100 Church Street
New York, NY 10007
Dear Ms. Wang:
I am writing to call your attention to the negligence and unresponsiveness of Healthfirst’s third party pharmacy, CVS Caremark. They sent me a new medication four times the strength of the prescribed dose they have been sending me for years. They took no responsibility for their mistake, their customer service was unresponsive.
After two hours on the phone with them Monday, and their unkept promise to call me back immediately to resolve their potentially deadly error, they cited internal policies to your rep on Tuesday and refused to correct their serious error in dispensing a blood pressure lowering drug four times the strength of my prescription. CVS at one point offered to file a grievance against Healthfirst, for reasons I still can’t fathom.
When I called the next day to get Healthfirst’s help with the pharmacy issue Nadine (who was wonderful, if powerless) called CVS. CVS told Nadine that it is the patient’s sole responsibility to contact the doctor and have the doctor correct the erroneous prescription CVS recently requested from him (my current medication is apparently unavailable) and filled without checking that it was four times stronger than the dose of Irbesartan I have been taking for several years.
CVS mailed me a ninety day supply of a drug I never heard of, Losartan Potassium, in a 100 mg dose. I called CVS, who, after forty minutes, mostly on hold, explained that the blood pressure medication Irbesartan is currently unavailable. They eventually pointed me to a letter in their packet explaining that they’d contacted my doctor informing him of its unavailability. Their letter misstated my current dosage as 150 mg, twice the 75 mg. I take daily. More than one CVS rep argued with me about my dosage, insisting it was 150 mg though they’ve been sending me 75 mg pills for several years.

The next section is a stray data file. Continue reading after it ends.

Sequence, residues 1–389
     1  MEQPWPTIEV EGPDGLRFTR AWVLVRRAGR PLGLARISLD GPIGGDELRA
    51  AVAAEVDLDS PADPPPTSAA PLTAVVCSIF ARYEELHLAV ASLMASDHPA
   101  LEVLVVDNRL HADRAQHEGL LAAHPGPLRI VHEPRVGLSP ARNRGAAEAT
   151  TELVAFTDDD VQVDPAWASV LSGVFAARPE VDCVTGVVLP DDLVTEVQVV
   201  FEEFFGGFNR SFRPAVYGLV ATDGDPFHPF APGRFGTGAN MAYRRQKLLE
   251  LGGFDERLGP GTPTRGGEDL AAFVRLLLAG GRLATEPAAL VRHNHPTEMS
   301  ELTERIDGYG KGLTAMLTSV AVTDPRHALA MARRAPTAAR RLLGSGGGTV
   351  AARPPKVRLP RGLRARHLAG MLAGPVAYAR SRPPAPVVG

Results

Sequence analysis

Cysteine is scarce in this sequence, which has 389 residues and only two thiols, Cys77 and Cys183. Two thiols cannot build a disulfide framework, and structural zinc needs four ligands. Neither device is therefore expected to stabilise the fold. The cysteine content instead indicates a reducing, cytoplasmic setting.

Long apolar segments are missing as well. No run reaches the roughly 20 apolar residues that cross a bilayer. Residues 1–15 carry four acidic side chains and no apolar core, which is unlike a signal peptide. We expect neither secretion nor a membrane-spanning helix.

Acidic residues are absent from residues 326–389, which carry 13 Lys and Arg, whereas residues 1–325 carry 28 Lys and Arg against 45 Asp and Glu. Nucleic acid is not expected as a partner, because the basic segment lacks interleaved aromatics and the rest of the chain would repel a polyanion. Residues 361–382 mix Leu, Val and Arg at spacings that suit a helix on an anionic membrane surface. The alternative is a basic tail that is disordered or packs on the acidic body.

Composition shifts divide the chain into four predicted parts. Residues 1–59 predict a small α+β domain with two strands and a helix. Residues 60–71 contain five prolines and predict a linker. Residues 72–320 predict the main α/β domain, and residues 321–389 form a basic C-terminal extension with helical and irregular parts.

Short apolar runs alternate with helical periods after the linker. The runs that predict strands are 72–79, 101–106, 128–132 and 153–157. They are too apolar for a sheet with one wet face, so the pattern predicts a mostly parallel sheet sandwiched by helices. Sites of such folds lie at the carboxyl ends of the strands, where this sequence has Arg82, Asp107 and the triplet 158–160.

My doctor idiotically compounded CVS’s mistake by prescribing a 100 mg dose of the alternative, Losartan. It turns out this dose is the equivalent of 300 mg (or four times) the 75 mg dose of Irbesartan I take. Carelessly dispensing a much higher than prescribed dose of any drug is a serious, potentially lethal, mistake. As far as I know taking a quadruple dose of blood pressure lowering medication can cause a sudden, radical drop in blood pressure, resulting in loss of consciousness, a fall and possible serious injury.
The pharmacist at CVS at one point told me to just take the pills because my doctor had prescribed them. Responding to my follow-up question she looked up the equivalence of the two drugs and saw that 100 mg of Losartan is four times the dose I take to control my borderline high blood pressure. I verified this. My doctor should have prescribed 25 mg of Losartan, CVS should have known this; it would have taken CVS thirty seconds to verify it as it did when I asked the pharmacist to compare the two drugs.
I am aware that there is no regulatory agency in New York State that hears complaints about errors, even potentially deadly ones, by medical corporations operating in New York State. Nadine took my “complaint” and regretted I could not receive a copy of it, or even know if anyone ever reads it. She assured me that somebody would read her version of my complaint. I told her I would bring the matter to your attention. Your response is requested and will be appreciated.